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Part 4 of the TED Radio Hour episode Setbacks.

About Charly Haversat's TED Talk

As a former pro runner, Charly Haversat would fixate on an unattainable goal: perfection. She discusses the crippling effects of perfectionism, including how it can prevent learning from failure.

About Charly Haversat

Part 1 of the TED Radio Hour episode Setbacks.

About Leticia Gasca's TED Talk

After her business failed, Leticia Gasca didn't talk about it for seven years. But once she finally shared the story with her friends, she realized failure is far more common than she thought.

About Leticia Gasca

Part 5 of the TED Radio Hour episode Setbacks.

About Jon Bowers's TED Talk

Everyone makes mistakes, but sometimes mistakes have big consequences. Jon Bowers argues that we should always strive for perfection—knowing we will fail and we have to learn from those failures.

About Jon Bowers

Part 3 of the TED Radio Hour episode Setbacks.

About Phil Plait's TED Talk

When it comes to scientific research, mistakes are not only part of—but also crucial—to the process. Phil Plait explains how small setbacks can play a critical role in making big discoveries.

About Phil Plait

Part 2 of the TED Radio Hour episode Setbacks.

About Alison Ledgerwood's TED Talk

Why do we fixate on the negative? Why do setbacks stick in our minds for so long? Alison Ledgerwood shares ideas on how we can change our thinking patterns to reframe setbacks in a positive light.

About Alison Ledgerwood

Alison Ledgerwood is a social psychologist and an associate professor at the University of California, Davis.

This opinion piece is written by sociologists Sarah Bowen of North Carolina State University, Sinikka Elliott of the University of British Columbia and Joslyn Brenton of Ithaca College. They are the co-authors of Pressure Cooker: Why Home Cooking Won't Solve Our Problems and What We Can Do About It.

Amy Poehler's newest film is based on an actual girls' trip with her friends to California wine country. Except her friends — both in the movie and in real life — are fellow Saturday Night Live alumni such as Maya Rudolph, Ana Gasteyer, Tina Fey, Rachel Dratch, Paula Pell and Emily Spivey.

"I'm lucky to have some of the funniest people in the world be my actual friends," Poehler says in an interview. "And so I tried to quickly exploit that as fast as I could."

There was a bittersweet quality to ABC's triumphant two-hour live sitcom special on Wednesday night. At least, for me there was.

On the sweet side, watching talented stars like Jamie Foxx and Woody Harrelson re-create classic scripts from All in the Family and The Jeffersons was a shot of pure, uncut nostalgia. There are few spectacles as entertaining as these guys mugging their ways through impressions of classic characters like George Jefferson and Archie Bunker — in live performance.

You can tell something is off about fictional Portuguese soccer star Diamantino, who looks an awful lot like actual Portuguese soccer star Cristiano Ronaldo, as soon as he mentions the puppies. And that doesn't take very long, because Diamantino, the pride of his nation, is quick to bring up that when he's on the field, and when he gets in the zone, he starts to see gigantic puppies, flopping around in a mist of sparkling pink clouds.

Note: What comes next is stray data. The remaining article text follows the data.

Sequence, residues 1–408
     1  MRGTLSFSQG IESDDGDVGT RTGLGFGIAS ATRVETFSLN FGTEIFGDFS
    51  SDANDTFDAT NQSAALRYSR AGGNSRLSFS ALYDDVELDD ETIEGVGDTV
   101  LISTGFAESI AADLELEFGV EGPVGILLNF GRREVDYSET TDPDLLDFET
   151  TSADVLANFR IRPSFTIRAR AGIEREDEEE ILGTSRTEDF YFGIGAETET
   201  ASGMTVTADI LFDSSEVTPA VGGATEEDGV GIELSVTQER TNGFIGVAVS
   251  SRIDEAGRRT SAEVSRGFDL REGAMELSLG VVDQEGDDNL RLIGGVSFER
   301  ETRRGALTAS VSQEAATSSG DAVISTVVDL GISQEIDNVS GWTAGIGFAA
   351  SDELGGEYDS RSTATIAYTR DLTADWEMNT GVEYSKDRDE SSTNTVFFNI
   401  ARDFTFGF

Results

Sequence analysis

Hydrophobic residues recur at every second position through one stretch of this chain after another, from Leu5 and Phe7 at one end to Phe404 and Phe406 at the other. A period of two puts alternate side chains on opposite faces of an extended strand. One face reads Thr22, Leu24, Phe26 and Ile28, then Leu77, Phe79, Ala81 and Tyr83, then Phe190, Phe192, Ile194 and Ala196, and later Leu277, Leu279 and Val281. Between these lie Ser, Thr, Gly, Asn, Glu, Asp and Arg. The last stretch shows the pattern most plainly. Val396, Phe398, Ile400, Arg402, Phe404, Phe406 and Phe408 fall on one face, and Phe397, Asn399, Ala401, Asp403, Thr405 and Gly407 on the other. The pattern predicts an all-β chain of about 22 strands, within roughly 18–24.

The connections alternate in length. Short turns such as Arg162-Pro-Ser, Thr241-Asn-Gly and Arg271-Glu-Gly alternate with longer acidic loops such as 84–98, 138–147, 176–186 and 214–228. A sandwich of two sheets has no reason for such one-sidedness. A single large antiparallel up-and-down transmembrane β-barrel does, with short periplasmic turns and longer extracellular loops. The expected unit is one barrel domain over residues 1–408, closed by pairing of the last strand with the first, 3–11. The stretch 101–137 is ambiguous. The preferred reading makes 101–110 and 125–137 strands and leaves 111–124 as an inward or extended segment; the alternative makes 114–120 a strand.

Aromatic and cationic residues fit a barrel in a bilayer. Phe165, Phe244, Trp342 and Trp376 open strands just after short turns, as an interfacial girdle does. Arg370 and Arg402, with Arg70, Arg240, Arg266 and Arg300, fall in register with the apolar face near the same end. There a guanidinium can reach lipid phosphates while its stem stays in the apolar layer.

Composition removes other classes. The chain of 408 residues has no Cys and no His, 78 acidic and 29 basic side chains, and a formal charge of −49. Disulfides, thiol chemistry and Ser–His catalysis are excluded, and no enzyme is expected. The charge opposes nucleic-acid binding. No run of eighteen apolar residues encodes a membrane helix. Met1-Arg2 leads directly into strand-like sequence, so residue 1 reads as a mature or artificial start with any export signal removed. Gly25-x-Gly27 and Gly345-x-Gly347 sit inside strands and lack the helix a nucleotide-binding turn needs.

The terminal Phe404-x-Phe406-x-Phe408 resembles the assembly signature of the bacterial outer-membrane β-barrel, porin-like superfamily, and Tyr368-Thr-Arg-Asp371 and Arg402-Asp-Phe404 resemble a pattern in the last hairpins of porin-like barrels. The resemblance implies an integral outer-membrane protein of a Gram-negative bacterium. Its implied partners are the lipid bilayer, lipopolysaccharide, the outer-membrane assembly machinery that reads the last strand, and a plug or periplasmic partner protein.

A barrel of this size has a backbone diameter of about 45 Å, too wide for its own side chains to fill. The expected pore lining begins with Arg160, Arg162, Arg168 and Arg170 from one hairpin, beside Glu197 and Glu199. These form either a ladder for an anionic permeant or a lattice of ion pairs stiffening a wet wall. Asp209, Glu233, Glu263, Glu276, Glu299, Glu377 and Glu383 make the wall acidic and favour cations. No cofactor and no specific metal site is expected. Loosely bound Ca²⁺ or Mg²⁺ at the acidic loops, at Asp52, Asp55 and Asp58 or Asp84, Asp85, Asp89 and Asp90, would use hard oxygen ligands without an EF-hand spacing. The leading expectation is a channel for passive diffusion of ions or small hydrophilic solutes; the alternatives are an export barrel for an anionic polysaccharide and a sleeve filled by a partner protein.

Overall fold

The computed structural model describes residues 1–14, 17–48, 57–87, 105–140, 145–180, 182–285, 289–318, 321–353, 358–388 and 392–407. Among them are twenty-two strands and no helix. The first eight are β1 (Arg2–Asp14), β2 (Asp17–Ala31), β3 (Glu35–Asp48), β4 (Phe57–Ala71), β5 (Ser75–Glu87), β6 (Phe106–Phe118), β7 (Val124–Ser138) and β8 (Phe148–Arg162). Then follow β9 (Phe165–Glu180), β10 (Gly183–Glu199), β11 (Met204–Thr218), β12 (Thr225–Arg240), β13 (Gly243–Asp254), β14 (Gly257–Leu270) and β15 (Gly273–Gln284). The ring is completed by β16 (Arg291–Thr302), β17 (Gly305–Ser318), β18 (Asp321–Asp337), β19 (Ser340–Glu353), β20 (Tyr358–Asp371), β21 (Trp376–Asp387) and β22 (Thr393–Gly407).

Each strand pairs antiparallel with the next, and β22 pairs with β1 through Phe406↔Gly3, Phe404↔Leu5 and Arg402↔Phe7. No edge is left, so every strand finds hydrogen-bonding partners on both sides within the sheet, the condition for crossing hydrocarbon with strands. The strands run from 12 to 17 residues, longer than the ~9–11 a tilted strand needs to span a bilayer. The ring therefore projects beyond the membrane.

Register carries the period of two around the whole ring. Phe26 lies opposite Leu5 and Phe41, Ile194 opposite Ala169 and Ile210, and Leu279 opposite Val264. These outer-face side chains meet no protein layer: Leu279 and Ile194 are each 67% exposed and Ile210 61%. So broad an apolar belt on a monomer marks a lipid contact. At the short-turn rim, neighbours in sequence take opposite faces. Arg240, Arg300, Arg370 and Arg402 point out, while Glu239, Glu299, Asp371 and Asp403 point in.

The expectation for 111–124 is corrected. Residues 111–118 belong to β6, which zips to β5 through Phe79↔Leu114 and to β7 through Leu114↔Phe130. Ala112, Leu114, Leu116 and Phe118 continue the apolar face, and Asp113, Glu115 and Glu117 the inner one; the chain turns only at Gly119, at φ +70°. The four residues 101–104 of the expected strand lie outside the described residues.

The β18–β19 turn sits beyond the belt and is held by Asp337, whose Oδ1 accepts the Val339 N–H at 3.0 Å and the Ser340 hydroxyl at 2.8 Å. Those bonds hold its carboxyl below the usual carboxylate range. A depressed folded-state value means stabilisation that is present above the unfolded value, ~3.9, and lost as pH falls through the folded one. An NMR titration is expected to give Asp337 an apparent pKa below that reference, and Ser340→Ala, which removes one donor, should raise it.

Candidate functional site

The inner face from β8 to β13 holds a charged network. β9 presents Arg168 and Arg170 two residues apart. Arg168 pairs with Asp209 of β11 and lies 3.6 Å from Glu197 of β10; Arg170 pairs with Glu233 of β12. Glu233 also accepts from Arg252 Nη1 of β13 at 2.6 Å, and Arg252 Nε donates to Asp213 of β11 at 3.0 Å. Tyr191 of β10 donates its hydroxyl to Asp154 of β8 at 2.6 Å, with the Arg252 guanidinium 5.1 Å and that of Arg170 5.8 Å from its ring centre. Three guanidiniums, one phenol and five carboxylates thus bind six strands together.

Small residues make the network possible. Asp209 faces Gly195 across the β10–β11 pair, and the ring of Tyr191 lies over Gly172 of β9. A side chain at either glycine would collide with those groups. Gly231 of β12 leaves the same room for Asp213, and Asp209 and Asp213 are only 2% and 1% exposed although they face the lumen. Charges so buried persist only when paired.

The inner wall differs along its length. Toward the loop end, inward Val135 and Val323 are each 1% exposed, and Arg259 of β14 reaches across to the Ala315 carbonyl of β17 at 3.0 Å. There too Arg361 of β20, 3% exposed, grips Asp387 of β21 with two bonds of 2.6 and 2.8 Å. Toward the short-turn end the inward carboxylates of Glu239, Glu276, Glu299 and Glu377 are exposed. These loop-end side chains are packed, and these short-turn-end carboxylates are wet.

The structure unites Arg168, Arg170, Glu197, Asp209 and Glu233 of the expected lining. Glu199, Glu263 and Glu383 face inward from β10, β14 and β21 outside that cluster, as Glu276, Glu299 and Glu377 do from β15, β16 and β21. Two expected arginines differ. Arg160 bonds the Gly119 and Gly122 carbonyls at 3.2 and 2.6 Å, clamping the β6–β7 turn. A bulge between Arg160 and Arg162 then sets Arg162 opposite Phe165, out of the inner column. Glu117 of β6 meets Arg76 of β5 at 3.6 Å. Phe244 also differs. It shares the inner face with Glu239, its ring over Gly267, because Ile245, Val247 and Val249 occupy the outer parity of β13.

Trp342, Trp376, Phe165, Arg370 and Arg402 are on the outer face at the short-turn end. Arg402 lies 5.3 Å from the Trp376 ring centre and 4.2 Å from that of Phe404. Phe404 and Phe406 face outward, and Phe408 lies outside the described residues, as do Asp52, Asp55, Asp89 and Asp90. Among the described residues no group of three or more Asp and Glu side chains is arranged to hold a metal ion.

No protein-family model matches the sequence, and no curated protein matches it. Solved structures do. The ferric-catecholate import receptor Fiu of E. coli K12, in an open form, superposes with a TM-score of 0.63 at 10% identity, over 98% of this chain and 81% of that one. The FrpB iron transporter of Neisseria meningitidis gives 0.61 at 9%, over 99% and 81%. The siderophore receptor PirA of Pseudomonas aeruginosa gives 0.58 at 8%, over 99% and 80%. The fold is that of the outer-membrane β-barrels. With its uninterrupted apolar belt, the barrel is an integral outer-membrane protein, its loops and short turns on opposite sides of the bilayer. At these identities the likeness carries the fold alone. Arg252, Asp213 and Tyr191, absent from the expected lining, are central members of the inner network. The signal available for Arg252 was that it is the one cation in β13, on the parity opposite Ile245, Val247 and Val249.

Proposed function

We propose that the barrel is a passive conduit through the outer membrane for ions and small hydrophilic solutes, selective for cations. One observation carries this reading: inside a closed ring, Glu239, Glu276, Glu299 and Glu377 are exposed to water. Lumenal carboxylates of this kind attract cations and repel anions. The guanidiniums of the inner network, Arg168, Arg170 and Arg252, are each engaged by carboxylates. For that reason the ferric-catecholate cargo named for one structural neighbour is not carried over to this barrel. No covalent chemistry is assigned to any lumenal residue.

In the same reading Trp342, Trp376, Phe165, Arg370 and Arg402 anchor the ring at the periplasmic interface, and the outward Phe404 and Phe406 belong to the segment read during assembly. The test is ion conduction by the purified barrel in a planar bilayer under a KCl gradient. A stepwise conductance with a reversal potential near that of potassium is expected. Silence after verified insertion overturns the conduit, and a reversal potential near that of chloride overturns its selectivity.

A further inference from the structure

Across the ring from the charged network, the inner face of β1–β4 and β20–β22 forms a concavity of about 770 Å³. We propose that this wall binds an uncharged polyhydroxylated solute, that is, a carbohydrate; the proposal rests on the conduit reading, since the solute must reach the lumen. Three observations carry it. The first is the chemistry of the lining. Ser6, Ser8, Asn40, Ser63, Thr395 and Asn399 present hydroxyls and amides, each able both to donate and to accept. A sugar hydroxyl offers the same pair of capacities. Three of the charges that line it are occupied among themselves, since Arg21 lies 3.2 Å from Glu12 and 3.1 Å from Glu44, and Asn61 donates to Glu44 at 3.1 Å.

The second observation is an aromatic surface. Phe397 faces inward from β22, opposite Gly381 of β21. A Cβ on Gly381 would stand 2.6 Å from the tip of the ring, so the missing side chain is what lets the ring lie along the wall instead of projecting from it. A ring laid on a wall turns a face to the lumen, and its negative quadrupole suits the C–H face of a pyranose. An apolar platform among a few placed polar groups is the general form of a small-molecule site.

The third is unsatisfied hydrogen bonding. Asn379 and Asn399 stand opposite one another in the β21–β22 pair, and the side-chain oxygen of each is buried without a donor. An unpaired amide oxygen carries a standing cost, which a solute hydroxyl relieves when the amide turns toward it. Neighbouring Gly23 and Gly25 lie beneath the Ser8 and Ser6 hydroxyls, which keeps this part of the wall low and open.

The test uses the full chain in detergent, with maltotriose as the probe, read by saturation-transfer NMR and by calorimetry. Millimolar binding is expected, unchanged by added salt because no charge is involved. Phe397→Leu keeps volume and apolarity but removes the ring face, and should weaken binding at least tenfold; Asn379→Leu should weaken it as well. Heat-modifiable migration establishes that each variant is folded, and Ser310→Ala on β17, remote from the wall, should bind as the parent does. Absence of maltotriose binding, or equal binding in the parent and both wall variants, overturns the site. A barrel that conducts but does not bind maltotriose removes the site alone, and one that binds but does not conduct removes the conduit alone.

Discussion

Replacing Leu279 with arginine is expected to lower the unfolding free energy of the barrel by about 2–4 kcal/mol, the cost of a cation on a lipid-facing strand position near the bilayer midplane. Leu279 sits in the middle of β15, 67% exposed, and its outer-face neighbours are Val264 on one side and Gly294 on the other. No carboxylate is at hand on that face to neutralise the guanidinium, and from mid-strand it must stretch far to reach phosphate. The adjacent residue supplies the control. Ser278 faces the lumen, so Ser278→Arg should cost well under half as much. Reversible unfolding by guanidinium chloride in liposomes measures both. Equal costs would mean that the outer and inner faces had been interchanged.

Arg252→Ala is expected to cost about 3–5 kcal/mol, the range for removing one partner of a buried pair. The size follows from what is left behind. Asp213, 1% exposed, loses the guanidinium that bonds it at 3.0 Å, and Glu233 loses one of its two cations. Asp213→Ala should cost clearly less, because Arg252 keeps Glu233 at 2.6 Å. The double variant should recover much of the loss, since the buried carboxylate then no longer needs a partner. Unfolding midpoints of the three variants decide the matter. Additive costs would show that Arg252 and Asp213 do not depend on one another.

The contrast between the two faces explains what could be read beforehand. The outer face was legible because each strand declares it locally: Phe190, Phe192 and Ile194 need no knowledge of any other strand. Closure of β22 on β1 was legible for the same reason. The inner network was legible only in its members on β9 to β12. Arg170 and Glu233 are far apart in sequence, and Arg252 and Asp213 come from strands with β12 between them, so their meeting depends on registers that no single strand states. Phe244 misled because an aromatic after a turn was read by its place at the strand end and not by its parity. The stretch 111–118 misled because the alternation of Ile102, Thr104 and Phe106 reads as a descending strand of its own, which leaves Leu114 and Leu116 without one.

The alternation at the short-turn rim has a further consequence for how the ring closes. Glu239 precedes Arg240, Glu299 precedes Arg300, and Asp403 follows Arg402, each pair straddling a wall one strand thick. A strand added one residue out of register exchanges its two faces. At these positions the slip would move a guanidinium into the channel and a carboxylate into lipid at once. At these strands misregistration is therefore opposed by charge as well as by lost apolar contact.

The opening moments of Booksmart, the directorial debut of actress Olivia Wilde, present a question, just by force of viewing habit: What kind of cinematic high-school girl type is this?

As Disney plunders its archives for live-action remakes of animated classics, the question of "Why?" continues to be less evident on the screen than it is on the company ledger. The one quiet exception was Pete's Dragon, which succeeded because it had no fidelity to the second-rate slapstick and songcraft of the original, and could reimagine the premise from the ground up. When the catalog titles get as massive as Aladdin, however, the mission becomes to replicate it as closely as possible, which inevitably leads to stilted facsimile.

The Uruguayan novelist Mario Levrero, who died in 2004, is beloved among Latin American readers for his gleeful weirdness. Levrero wrote comic book scripts, crosswords, brain teasers, and novels, all of which function as brain teasers themselves.

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MARY LOUISE KELLY, HOST:

Some music is so ingrained in our collective minds that it's easy to forget how game-changing it was. In the late 1960s, a marriage of rock and folk took place and much of the popular music from that union was being made in a single place — Laurel Canyon, Los Angeles.

Copyright 2019 Fresh Air. To see more, visit Fresh Air.

TERRY GROSS, HOST:

Binyavanga Wainaina, the deeply influential Kenyan writer credited with founding the literary magazine and collective Kwani? and advancing the fight for LGBTQ rights in Africa, has died at the age of 48. The Caine Prize for African Writing, which Wainaina won in 2002, confirmed his death in a statement Wednesday.